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The above photo and the text describing it are ©1997 by Matt Hucke and are reproduced with his permission from the excellent web site GRAVEYARDS OF CHICAGO

On June 22, 1918, at about 4 am, the Hagenbeck-Wallace Circus train was heading toward Hammond, Indiana, carrying 400 performers and roustabouts. The train stopped near Ivanhoe in order to cool an overheated wheel bearing box. Red lights were turned on to warn any other approaching trains that a train had stopped on the tracks. An empty troop train was approaching at full speed from behind, piloted by engineer Alonzo Sargent, who had previously been fired for sleeping on the job. Ignoring the red lights, and the efforts of a flagman to signal the oncoming train, it plowed into the back of the circus train, destroying three cars before finally coming to a halt. A fire then broke out. Survivors of the crash, trapped under the wreckage, were unable to free themselves and escape the flames. An estimated 86 people died in the accident. Most of the dead were never identified. Circus.......(workers) were often known only by nicknames, and many had joined only recently. (Two stones, for example)......are labeled "Baldy" and "4 Horse Driver"; almost all of the others simply read "unknown Male", followed by a number. Hagenbeck-Wallace Circus only missed a single (show date), the one (scheduled for)......Hammond. By the next day they had borrowed enough acts from other circuses to be able to put on the (scheduled performances) Beloit, Wisconsin. Five days after the crash, the survivors gathered at Woodlawn Cemetery (in Chicago) for the burial of 56 of the fellows in a section owned by the Showmen's League of America, bought several months before the crash. Years later, five elephant markers were placed at the corners and rear center of the Showmen's Rest plot. The elephants each have a foot raised with a ball underneath, and the trunks lowered. Raised trunks are a symbol of joy and excitement, lowered trunks symbolize mourning. The base of the large central elephant is inscribed with "Showmen's League of America". On the others are the words "Showmen's Rest". According to local legend, the elephants are there to commemorate the elephants killed in the wreck and buried in this section. In some versions, the elephants are said to have aided in rescuing the trapped performers by pulling away burning wreckage, at the cost of their own lives. It's said that on some nights, the haunting cries of elephants can still be heard in the distance. In reality, however, there were no elephants on the circus train, and no animals were killed in the crash. Most of the left half of the Showmen's plot contains victims of the 1918 wreck. The other half is used for burials of other circus performers, up to the present day.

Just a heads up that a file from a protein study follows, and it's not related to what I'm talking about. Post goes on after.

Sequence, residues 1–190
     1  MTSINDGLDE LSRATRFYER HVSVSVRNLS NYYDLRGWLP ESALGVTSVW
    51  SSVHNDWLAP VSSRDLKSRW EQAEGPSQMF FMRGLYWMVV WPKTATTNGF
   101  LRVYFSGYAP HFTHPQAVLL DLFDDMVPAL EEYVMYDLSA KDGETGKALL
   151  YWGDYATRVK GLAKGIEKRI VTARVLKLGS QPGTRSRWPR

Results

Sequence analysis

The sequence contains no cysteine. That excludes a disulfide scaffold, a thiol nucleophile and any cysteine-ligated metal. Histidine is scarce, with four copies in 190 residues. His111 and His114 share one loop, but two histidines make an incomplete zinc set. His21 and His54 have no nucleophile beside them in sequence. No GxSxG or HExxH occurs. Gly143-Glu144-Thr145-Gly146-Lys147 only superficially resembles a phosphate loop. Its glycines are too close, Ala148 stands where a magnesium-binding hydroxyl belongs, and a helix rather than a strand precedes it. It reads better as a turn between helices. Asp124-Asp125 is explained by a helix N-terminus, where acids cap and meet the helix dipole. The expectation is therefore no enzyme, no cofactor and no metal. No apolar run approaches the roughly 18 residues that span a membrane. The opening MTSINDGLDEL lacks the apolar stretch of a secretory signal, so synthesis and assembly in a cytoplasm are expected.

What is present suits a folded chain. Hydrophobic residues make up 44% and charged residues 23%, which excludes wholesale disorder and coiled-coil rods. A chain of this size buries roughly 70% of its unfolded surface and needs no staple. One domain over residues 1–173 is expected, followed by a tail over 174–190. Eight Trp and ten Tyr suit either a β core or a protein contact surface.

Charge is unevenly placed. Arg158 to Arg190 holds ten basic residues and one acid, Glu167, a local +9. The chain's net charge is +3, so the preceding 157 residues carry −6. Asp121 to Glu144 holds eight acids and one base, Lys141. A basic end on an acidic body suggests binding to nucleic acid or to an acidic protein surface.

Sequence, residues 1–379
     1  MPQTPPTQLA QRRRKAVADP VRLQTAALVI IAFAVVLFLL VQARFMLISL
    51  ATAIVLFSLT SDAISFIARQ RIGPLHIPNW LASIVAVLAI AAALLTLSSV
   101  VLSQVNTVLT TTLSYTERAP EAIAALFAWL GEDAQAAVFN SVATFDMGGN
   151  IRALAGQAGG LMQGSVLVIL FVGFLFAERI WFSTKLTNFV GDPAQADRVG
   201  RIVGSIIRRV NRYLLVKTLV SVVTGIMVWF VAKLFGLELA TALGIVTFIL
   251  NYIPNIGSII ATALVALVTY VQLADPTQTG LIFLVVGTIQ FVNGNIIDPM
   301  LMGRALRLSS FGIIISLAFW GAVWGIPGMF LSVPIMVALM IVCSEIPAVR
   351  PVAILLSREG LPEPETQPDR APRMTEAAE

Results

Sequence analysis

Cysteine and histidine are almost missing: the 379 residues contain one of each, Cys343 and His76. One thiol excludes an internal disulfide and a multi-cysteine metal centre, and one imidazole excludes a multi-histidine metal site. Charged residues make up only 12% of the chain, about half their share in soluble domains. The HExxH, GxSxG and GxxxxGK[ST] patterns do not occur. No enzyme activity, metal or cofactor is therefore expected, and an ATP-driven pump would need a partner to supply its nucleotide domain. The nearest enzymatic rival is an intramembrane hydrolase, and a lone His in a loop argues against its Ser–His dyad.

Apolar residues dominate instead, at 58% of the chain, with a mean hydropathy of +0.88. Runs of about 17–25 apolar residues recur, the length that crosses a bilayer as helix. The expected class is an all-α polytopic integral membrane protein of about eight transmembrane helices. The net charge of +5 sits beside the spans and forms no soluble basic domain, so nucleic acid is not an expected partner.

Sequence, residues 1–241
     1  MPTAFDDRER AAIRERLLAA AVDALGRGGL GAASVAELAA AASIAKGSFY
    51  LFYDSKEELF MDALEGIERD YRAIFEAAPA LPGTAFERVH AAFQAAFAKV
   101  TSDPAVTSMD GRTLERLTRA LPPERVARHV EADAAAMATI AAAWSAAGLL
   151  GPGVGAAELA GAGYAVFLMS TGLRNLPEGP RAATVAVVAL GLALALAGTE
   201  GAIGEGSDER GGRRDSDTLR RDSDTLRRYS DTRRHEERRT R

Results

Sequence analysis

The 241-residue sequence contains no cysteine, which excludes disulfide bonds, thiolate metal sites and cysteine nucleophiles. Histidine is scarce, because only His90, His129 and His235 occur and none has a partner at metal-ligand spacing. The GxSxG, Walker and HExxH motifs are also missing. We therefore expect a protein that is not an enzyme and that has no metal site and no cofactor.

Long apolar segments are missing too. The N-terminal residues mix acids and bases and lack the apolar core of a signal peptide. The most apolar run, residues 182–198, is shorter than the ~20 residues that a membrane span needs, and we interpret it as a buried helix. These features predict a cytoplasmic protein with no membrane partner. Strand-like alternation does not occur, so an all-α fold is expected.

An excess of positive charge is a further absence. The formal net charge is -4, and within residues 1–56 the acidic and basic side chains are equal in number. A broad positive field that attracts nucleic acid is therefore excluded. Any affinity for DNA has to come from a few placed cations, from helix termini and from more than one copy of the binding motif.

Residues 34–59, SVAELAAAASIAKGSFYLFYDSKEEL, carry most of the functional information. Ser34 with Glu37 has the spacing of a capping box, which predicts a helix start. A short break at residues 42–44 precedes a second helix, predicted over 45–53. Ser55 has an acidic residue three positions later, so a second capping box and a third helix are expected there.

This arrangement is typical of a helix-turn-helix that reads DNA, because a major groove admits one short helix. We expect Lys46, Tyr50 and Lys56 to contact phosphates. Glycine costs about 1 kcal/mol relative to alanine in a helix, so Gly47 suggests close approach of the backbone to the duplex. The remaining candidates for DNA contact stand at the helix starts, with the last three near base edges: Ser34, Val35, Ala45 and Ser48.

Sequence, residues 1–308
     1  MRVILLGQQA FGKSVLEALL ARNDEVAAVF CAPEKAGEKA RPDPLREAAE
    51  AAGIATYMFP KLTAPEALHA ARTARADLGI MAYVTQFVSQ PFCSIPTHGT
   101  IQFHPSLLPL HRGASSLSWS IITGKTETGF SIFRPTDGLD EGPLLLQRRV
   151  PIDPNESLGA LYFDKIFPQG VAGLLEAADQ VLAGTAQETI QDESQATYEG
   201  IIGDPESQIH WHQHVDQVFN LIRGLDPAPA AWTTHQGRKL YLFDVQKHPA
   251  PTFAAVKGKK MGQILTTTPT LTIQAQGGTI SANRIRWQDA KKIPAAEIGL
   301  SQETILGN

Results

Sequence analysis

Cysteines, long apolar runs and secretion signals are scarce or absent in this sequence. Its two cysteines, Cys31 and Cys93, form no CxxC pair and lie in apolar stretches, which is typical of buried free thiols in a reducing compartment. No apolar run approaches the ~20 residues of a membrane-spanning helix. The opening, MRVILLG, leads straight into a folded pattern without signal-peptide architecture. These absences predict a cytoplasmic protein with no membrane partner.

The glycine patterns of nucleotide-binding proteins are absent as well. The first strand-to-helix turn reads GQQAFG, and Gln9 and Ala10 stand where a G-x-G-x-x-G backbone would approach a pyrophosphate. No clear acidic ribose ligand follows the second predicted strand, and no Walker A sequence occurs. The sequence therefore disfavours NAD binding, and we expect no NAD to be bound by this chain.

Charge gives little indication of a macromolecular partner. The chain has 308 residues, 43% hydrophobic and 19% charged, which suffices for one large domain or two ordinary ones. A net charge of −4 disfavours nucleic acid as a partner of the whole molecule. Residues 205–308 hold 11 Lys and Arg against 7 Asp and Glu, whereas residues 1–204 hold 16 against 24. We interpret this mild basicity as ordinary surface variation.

On the next page you can the see the CLYDE BEATTY CIRCUS being set up.

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